I took them home and totally devoured them. Where had this stuff been my whole life, I asked myself. Apart from the punchy language, and great dialogue I realised instantly the attraction they held. They were the perfect antidote to today’s living. Pure escapism. They’re set in frontier lands, unpredictable and dangerous. Little town’s where living is simplified and everything is cut down to the bear essentials. You have a saloon or two, a store, a hotel and of course the court house, which is usually run by a hopelessly inept dullard, or a corrupt bastard (like real life I suppose). There’s no having to meet targets and deadlines, no 78 emails – not including junk – on a Monday morning and no god forsaken mobile phones. They are peopled by dastardly villains and their idiot henchmen and feisty ladies who are nobody’s fools. The protagonists are usually quiet loners, quick with their fists and fast on the draw. They always have the best lines which are kept to as few words as possible; something that any student of fiction should take a look at.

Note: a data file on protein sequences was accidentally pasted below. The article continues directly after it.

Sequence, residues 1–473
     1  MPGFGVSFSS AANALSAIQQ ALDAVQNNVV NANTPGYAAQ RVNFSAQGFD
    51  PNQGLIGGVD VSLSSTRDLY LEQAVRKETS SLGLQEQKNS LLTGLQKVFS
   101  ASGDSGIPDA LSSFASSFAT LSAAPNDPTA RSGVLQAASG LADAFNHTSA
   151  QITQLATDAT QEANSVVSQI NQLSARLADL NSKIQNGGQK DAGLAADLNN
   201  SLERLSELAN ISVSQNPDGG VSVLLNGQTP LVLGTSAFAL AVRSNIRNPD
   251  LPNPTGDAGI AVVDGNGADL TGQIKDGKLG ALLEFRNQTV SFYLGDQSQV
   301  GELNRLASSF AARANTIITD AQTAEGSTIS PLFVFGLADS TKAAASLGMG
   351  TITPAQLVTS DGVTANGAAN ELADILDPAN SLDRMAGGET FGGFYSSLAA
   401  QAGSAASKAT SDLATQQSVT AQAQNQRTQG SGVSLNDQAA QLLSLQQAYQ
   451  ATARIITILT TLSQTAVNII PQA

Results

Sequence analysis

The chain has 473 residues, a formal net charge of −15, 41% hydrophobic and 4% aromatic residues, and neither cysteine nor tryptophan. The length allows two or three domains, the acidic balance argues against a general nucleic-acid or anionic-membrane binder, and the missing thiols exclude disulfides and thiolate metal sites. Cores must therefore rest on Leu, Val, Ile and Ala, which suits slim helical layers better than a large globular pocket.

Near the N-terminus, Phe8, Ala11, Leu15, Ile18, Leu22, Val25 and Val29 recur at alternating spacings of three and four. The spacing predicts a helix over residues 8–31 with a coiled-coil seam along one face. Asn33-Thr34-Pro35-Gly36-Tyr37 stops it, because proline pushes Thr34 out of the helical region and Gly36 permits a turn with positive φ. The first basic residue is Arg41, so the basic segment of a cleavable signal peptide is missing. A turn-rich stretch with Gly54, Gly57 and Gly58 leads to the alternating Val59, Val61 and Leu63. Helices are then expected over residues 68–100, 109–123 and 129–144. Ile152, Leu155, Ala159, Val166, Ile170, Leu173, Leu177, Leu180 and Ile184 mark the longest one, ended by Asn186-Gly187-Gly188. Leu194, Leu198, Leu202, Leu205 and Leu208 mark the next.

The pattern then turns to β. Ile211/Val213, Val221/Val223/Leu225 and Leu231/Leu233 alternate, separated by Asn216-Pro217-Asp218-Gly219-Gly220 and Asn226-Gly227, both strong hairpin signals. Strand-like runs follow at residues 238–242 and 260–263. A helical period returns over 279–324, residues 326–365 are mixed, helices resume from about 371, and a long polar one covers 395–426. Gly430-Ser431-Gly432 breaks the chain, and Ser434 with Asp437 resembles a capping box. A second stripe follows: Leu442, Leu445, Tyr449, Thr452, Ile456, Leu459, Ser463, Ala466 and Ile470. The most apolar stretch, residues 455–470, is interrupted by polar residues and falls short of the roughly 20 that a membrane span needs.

If people do read this and then go out and buy up all the Westerns then I feel a bit like I’m shooting myself in the foot. Because of their current lack of popularity the Westerns section is a sure fire way to find original pulps. They tend to go as quick as you please in the crime and sf sections. I had to knock someone the fuck out over an original Mickey Spillane, last time I found one. So if you do go out and buy a load of Western’s be sure to leave a few copies for Ol’Danny, d’ya hear?

 

Ends

Bio: Danny Hogan is the founder of Pulp Press http://www.pulppress.co.uk/ and the author of Killer Tease. He was brought up by thieves and bandits in West London, and led a life of crime in Paris. He currently resides in Brighton where he reads and writes and deals with other peoples problems.
danny@penpress.co.uk

Guest Blog: Bruce Grossman – Dr Who